Competition and Living Standards: the Moroccan Software Engineer

February 26th, 2016 by econ-network

For this story about the effect of economics in one person’s life, we thank guest author Elena Fernandez Prados for sharing an extract from her new book, Economics through Everyday Stories from around the World. ISBN 978-1523296415

Rachid Benchekroun is a software engineer from Casablanca, Morocco’s largest city. Rachid works for a technology company developing computer games and lives in an elegant villa around the corniche (waterfront promenade), one of Casablanca’s fanciest neighborhoods. But life has not always been easy for Rachid, and at the age of twenty-five, he feels that he has come a long way in life.

Rachid grew up in Casablanca’s suburbs, in a small one-bedroom apartment that he shared with his parents, his three siblings, and two of his cousins from the village. Abdel Karim, Rachid’s father, was a mechanic, while his mother, Fatima, was a homemaker. From an early age, Rachid learned the value of hard work. He attended school in the mornings and helped his father in the garage in the afternoons, oiling engines and pumping tires. At night, Rachid did his school homework diligently under a kerosene lamp. “Study hard, young boy,” his father often reminded him, “for it is the only way that the son of a mechanic from Chefchaouen can become someone in life.” Read the rest of this entry »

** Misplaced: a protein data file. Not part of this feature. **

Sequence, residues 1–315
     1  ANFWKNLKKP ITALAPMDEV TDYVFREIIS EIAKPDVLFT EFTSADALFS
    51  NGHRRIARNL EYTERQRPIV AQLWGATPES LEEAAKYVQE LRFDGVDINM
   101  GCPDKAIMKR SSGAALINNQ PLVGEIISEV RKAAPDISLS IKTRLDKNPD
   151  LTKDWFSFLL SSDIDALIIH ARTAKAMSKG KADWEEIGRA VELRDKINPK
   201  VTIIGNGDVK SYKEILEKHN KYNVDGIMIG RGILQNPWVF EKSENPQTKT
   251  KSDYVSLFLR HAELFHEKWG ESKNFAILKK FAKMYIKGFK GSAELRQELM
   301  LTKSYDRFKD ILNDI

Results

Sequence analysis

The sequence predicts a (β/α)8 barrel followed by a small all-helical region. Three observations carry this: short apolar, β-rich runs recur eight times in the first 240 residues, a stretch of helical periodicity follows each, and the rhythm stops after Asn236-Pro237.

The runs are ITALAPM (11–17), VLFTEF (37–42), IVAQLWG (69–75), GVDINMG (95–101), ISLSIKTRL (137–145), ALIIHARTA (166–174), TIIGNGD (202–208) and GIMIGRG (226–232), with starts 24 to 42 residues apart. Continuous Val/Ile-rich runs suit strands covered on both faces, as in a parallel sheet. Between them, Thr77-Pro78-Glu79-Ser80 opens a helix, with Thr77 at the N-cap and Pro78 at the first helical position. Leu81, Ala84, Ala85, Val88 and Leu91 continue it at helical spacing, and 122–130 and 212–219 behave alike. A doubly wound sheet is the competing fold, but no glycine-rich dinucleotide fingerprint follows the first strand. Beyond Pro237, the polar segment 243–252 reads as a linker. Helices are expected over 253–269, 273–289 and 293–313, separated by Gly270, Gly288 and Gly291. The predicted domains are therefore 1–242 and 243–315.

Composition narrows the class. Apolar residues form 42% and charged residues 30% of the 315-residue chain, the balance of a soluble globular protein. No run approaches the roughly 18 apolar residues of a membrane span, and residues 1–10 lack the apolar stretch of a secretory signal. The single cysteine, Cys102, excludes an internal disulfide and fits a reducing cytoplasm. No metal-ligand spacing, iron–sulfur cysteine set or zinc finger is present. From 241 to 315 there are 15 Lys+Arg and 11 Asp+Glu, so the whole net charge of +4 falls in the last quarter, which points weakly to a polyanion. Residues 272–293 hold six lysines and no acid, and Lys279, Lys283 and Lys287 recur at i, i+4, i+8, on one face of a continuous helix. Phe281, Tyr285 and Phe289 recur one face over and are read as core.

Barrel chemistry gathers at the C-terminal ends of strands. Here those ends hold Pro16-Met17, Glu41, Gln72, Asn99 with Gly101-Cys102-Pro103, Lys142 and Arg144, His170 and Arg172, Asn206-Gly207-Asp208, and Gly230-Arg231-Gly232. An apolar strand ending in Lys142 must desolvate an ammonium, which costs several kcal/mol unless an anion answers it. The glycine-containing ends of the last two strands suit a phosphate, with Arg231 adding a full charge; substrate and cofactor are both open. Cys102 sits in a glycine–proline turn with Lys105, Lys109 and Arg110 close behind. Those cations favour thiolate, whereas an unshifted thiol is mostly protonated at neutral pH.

Eight parody songs that actually teach you some economics

September 18th, 2015 by econ-network

The Rockonomics competition, run by a group of US universities, gets students to write economics lyrics for popular songs and raps, and to make videos for them.

Some of these are pretty good ways to stick an economic idea in your head. Read on for our eight choices from the last few years of the competition.
Read the rest of this entry »

Double dip recession: time to panic?

April 27th, 2012 by eoghan

Figures this released by the ONS on this week show that the UK has officially entered a recession; the second recession the UK has suffered in three years. David Cameron has said that these figures were very disappointing while Ed Miliband has called them catastrophic. But how catastrophic is a double dip recession for the UK? There are a number of reasons to doubt the media’s, and some politicians, doomsday predictions.
Read the rest of this entry »